Any supplier can classify itself as diverse, claiming that at least 51 per cent of ownership is by an individual (or multiple people) of a diverse background. However, just because a business says it’s diverse doesn’t necessarily mean it is, and most companies with supplier diversity programs require certification before considering entering a contract with a diverse supplier.
Supplier diversity certification occurs through a third-party certification agency—usually, an organization that promotes the development of minority-owned and/or small businesses. The process involves documentation, screening, interviews, and possibly on-site visits to confirm that your business is indeed diverse. The application may take several weeks to be approved, but once it is, you are certified and instantly become more attractive to supplier diversity programs.
Several supplier diversity certifications are available from various agencies, including:
- National Minority Supplier Development Council (NMSDC)
- Women’s Business Enterprise National Council (WBENC)
- National Gay & Lesbian Chamber of Commerce (NGLCC)
- United State Hispanic Chamber of Commerce (USHCC)
- Asian Pacific American Chamber of Commerce (APAAC)
- Native American Chamber of Commerce (NACC)
- Vets First Certification Program (for veteran-owned small businesses)
- U.S. Business Leadership Network (USBLN, for disabled-owned small businesses)
A diverse business may qualify for more than one agency, and suppliers holding more than one certification is not unusual. In fact, Supplier.io’s database includes over 2 million diverse suppliers holding more than 4 million certifications.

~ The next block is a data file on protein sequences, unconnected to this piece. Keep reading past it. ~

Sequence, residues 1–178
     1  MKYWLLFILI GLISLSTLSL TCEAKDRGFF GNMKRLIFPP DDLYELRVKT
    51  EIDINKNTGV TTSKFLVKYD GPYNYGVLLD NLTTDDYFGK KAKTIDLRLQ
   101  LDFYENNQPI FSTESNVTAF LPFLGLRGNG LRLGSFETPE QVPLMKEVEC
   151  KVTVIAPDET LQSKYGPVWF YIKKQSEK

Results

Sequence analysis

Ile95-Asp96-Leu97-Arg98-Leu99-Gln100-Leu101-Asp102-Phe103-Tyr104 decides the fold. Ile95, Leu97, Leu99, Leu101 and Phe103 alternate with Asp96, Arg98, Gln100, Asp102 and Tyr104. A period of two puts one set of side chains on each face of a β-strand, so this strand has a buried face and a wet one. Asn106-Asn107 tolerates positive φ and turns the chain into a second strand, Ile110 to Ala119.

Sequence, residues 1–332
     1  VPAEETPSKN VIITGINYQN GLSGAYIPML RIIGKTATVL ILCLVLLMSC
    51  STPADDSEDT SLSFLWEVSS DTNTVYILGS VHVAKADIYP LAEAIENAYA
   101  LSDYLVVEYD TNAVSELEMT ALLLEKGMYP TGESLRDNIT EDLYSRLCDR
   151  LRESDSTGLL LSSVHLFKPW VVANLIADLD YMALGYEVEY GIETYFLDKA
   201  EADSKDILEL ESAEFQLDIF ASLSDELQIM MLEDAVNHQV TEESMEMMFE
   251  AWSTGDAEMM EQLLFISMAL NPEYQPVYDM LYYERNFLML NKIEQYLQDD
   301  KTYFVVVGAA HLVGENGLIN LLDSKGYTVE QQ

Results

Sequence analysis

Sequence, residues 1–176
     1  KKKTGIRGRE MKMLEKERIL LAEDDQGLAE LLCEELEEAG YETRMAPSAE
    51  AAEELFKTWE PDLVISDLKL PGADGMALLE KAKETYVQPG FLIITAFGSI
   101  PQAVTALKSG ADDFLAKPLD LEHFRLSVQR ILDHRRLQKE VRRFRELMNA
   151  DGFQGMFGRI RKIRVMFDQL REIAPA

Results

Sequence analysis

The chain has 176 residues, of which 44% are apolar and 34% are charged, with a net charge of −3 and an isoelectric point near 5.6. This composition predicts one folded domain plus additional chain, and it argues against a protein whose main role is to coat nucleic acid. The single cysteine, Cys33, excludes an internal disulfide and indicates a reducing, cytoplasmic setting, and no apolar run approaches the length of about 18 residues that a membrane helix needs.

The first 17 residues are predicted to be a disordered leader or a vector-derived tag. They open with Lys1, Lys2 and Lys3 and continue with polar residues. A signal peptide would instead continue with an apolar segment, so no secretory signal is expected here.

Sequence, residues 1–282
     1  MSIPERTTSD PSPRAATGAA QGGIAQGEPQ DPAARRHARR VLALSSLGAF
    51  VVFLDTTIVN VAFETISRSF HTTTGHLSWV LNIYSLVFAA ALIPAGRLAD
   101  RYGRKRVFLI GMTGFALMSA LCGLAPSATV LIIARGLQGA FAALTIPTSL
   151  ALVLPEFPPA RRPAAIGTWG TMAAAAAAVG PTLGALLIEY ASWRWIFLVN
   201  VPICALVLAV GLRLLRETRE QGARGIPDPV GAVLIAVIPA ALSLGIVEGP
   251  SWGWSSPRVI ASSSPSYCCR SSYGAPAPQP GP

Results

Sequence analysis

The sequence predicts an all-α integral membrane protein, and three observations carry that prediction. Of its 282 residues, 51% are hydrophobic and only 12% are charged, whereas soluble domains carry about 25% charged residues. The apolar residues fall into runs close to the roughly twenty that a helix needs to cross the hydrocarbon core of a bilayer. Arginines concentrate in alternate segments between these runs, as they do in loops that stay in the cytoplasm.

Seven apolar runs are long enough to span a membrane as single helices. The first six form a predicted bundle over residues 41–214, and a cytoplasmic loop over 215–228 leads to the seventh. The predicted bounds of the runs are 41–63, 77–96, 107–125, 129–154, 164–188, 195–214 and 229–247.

The Importance of Certification
As already stated, most supplier diversity programs will contract only with certified businesses, so the lack of certification could mean you are missing out on opportunities. Many government projects insist projects devote a certain spend to certified diverse suppliers—these are opportunities small businesses simply cannot afford to miss out on. Moreover, in our recent Supplier Diversity Professionals survey, nearly two-thirds of respondents said they use certification agencies to find diverse suppliers. A common theme throughout the survey was that supplier diversity programs struggled to find diverse businesses. Certification gives you the best opportunity for organizations to discover and hire your company.
The Benefits of Certification
Obviously, the visibility of certification and the ability for supplier diversity programs to find you is the top benefit of certification. However, being certified offers other benefits as well. Certification agencies do much more than prove your diversity status and provide a certificate. They’re built to help grow small and diverse businesses. Networking gets a tremendous boost through certification; other suppliers are more likely to recommend you for a product or service they don’t provide themselves. Certified diverse suppliers often have the opportunity to participate in networking, development, and educational events that other small businesses do not have access to. Also, through certification, diverse businesses can work with other diverse businesses to advocate the cause of diversity and effect change—the more businesses get certified, the greater the chance that the presence of supplier diversity programs will continue to grow, and that the programs themselves will improve. Finally, certification allows you to promote your business better (e.g., the WBENC’s “Women-Owned” logo that certified members are allowed to display). These benefits are just the icing on the cake on why supplier diversity certification is so important.